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Civil Society Groups Ask DHS for Information About Use of Social Media in Immigration Decisions

On November 19, the Brennan Center for Justice, together with other civil society groups, sent a letter to Chad Wolf, the Acting Secretary for the Department of Homeland Security.

Published: November 19, 2019

On Novem­ber 19, the Bren­nan Center for Justice, the Amer­ican-Arab Anti-Discrim­in­a­tion Commit­tee, and the Center for Demo­cracy & Tech­no­logy, together with other civil soci­ety groups, sent a letter to Chad Wolf, the Acting Secret­ary for the Depart­ment of Home­land Secur­ity. The letter outlines concerns about DHS’s use of social media screen­ing to make determ­in­a­tions about immig­ra­tion bene­fits, visa applic­a­tions, and dura­tions of stay in the United States. 

The letter warns that over­broad monit­or­ing can have detri­mental chilling effects on free speech and asso­ci­ation and lead to racial and reli­gious discrim­in­a­tion, espe­cially when screen­ing prac­tices are coordin­ated with “extreme vetting” initi­at­ives. The context of online speech and asso­ci­ation is also frequently misun­der­stood; social media posts can easily be taken out of context, and online “friends” are often acquaint­ances at most. Finally, the letter observes that activ­ists, journ­al­ists, and schol­ars from margin­al­ized back­grounds may be discour­aged from trav­el­ing to the United States out of fear that they will be held respons­ible for state­ments made by members of their networks.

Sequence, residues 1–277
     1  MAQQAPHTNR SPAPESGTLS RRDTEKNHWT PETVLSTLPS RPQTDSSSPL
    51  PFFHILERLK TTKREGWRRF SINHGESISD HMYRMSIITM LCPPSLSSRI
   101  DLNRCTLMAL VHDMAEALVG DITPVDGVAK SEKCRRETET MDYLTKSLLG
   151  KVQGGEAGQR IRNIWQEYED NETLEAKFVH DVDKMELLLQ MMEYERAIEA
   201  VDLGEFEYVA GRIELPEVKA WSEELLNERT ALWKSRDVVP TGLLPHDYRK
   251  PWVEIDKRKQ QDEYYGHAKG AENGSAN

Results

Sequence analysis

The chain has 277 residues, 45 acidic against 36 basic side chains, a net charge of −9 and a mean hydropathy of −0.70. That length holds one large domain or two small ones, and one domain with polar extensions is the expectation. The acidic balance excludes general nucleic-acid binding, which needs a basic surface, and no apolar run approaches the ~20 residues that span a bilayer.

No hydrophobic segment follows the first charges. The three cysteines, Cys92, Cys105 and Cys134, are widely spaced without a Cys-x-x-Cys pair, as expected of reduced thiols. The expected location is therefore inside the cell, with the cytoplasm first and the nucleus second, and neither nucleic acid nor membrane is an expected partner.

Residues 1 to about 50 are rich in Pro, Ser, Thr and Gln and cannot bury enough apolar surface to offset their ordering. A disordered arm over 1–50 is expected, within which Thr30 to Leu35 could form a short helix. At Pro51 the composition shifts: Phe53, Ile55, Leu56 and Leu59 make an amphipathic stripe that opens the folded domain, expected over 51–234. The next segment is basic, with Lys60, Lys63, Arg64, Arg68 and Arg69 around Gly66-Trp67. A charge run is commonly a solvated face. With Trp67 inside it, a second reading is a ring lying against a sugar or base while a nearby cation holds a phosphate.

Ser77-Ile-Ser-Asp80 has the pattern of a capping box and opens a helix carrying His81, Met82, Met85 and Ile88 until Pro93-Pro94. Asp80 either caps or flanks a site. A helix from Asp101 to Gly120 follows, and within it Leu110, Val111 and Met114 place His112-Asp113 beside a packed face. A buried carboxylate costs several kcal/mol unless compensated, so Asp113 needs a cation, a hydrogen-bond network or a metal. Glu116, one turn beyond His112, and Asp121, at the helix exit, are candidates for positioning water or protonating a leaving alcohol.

Accord­ingly, the letter, which can be viewed below, puts forth four ques­tions for DHS to answer in order to learn more about what the depart­ment is doing to protect immig­rants’ rights to free speech and asso­ci­ation. The ques­tions include:

  • whether ques­tions about online beha­vior are sanc­tioned by DHS policy or train­ings;
  • how heav­ily online connec­tions and beha­vior influ­ence immig­ra­tion decisions, and whether such weight­ing is laid out in DHS guid­ance;
  • what safe­guards are in place to protect immig­rants’ rights, includ­ing from the DHS Privacy and Civil Rights and Civil Liber­ties offices; and
  • whether consid­er­a­tions are made regard­ing how gaps in DHS’s guid­ance may dispar­ately impact margin­al­ized communit­ies.